19. Given a line in 2-dimensional space:
    a x + b y = c
    Define a perceptron that receives x and y as input and fires if and only if the point is on this side of the line:
    a x + b y ≤ c
    1. weights: a, b, threshold: -c
    2. weights: a, b, threshold: c
    3. weights: -a, -b, threshold: -c
    4. weights: -a, -b, threshold: c

  20. Why would we in practice not learn the function y = sin(x) + (1/x) from exemplars?
    1. We would learn it from exemplars.
    2. There is nothing to learn. The problem is solved.
    3. Learning it from exemplars is impossible.
    4. Divide by zero error.
    5. It would take too long.
    6. It is a chaotic function.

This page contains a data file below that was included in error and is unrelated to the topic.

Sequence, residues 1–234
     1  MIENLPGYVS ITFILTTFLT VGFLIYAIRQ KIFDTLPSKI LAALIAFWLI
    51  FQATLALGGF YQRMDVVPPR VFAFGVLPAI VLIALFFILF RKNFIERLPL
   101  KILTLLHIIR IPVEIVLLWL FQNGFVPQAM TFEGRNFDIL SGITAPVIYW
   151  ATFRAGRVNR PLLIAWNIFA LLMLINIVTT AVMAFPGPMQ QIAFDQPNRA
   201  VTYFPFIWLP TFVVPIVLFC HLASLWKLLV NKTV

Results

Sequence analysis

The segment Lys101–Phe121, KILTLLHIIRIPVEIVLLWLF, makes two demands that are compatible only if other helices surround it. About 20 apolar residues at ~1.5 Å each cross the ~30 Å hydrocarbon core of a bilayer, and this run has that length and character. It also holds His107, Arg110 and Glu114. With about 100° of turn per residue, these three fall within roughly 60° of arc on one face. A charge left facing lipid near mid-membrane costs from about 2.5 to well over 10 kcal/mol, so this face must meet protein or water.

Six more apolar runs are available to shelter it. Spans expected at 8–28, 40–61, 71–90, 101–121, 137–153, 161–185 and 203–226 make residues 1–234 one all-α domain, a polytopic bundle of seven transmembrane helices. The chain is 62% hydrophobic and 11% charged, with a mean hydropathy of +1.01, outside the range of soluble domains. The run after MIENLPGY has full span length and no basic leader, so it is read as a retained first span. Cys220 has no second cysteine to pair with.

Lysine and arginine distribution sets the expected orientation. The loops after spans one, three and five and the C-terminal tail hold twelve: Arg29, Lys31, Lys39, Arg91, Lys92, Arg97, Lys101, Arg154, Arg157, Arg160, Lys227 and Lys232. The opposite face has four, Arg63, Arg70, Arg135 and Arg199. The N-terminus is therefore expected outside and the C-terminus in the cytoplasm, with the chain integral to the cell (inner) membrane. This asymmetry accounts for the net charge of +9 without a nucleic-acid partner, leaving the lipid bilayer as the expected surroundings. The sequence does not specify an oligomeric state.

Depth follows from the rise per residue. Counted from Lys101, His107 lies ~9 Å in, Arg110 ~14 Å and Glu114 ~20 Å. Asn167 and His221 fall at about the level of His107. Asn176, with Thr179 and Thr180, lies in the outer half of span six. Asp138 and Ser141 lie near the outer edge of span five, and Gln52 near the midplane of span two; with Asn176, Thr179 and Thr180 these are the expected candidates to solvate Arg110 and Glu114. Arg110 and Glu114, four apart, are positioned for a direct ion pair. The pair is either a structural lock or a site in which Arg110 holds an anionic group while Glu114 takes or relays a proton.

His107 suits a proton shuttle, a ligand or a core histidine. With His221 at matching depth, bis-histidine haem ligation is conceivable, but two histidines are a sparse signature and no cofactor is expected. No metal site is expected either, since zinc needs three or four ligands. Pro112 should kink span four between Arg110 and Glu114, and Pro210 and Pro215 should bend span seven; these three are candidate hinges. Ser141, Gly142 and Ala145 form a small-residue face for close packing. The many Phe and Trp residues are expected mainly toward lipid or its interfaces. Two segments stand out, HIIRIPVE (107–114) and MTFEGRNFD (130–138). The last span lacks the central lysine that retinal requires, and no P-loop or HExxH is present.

7. Learning it from exemplars is impossible for some values of x.



Section 2: Long questions

Total 60 marks.

Answer 3 of the 5 long questions. 20 marks each. Total 60 marks.

  
Question 1

[Total marks: 20]

1(a)   Imagine a heuristic search to maximise a function f(x) by trial and error. The heuristic repeatedly proposes a value for x and receives a value for f(x).
  1. Explain with a graph how no heuristic that works like this can guarantee to find the global optimum.
  2. Does that mean all heuristics are the same?

[4 marks]

1(b)  
  1. Is it hard to learn the function:
     f(x) = sin(x)
    
    from exemplars?

  2. Is it hard to learn the function:
     f(x) = 5x + 7
    
    from exemplars?

  3. Is it hard to learn the function:
     f(x) = cos(1/x)
    
    from exemplars?

[6 marks]

1(c)   Invent a heuristic for either car buying or job hunting. Explain how it may fail.

[4 marks]

1(d)   Consider searching a "search tree":
  1. When a problem is represented as a State space Search problem, a "search tree" is constructed. Explain.